Monday, April 26, 2021

The Magna Carta, Too

Three takes, and two are not helpful.

Stop it right now. Stop saying someone should be fired for saying something ignorant. And this is only a little better:


Rick Santorum at the Young American Foundation gathering on April 23 had stated

If you think about this country, I don't know of any other country in the world that was settled predominately by people who were coming to practice their faith. They came here because they were not allowed to practice their particular faith in their own country. And so they came here, mostly from Europe, and they set up a country that was based on Judeo-Christian principles -- when I say Judeo-Christian, the Mosaic laws, 10 Commandments, and the teachings of Jesus Christ, the morals and teachings of Jesus Christ. That's what our founding documents are based upon. It's in our DNA.

You know, if you think of other countries like Italy and Greece and China, Turkey and places like that, they've all, sort of, changed over time. I mean, they've been there for millennia in many cases. And their culture has, sort of, evolved over time. But not us.

We came here and created a blank slate. We birthed a nation from nothing. I mean, there was nothing here. I mean, yes we have Native Americans but candidly there isn't much Native American culture in American culture. It was born of the people who came here pursuing religious liberty to practice their faith, to live as they ought to live, and have the freedom to do so. Religious liberty. Those are the two bulwarks of America. Faith and freedom. I mean, you hear it all the time about faith and freedom, faith and freedom. But it is what makes America unique in the world.

When someone invokes Jesus Christ in support of something bigoted, ignorant, or harmful to the American people, there is often a more effective retort. Much better than than saying Rick Santorum is a bigoted troglodyte or should be fired


Once upon a time In America, anti-discrimination laws were meant to apply to everyone. However, the Supreme Court continued its trend when in its last term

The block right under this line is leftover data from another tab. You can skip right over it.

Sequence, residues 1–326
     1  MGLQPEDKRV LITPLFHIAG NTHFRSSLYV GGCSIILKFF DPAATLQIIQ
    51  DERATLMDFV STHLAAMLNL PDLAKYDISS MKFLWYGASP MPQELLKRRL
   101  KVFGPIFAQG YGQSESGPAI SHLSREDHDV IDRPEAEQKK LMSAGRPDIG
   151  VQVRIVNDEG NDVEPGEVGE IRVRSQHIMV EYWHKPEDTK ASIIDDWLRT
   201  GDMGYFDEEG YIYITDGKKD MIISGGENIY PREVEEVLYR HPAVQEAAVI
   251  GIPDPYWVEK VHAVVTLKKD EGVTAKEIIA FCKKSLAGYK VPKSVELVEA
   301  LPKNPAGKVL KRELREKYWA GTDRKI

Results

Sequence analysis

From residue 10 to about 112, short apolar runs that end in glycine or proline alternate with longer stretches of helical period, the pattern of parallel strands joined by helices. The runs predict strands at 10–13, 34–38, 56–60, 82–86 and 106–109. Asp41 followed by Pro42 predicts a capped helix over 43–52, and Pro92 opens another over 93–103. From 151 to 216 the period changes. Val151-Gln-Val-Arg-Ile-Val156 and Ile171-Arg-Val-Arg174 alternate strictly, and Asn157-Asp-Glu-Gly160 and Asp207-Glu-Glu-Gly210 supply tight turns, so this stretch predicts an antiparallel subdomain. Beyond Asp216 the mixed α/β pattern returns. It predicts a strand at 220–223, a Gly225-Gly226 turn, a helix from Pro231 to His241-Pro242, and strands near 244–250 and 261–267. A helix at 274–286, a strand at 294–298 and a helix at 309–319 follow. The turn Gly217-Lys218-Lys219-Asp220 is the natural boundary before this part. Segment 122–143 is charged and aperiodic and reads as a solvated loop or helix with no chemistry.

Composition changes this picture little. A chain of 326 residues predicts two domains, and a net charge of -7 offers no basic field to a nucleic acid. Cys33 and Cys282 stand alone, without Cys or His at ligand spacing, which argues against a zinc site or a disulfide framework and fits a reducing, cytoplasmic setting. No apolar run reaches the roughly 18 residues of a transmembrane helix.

the court sided with Christian religious groups in three argued cases. The court ruled that state programs supporting private schools must include religious ones, that the Trump administration could allow employers with religious objections to deny contraception coverage to female workers and that employment discrimination laws do not apply to many teachers at religious schools.

And the court will soon decide whether Philadelphia may bar a Catholic agency that refused to work with same-sex couples from screening potential foster parents.

After Justice Barrett joined the court, it changed positions on the one question on which religious groups had been losing: whether governors could restrict attendance in houses of worship to address the coronavirus pandemic.

This nation has been on course to wring discrimination from its laws and customs- except in one area. If a plaintiff can claim that Jesus made him (her or them) do it, the common good and equal treatment under the law give way.

Santorum cites the Mosaic Laws (i.e., Mosaic Law), the Ten Commandments, and Jesus Christ so he can be, or appear, ecumenical. However, either, whether in the New Testament or the Old Testament, is antithetical to the separation clause. And when the ex-Senator says "it's in our DNA," he implies it's biological, thereby leaving no room for disagreement.

The real danger is not what Rick Santorum believes about Native Americans or their culture, about Italy, Greece, China, or Turkey. It's in the false premise of the Republican Party's white  evangelical base. "God is on our side."


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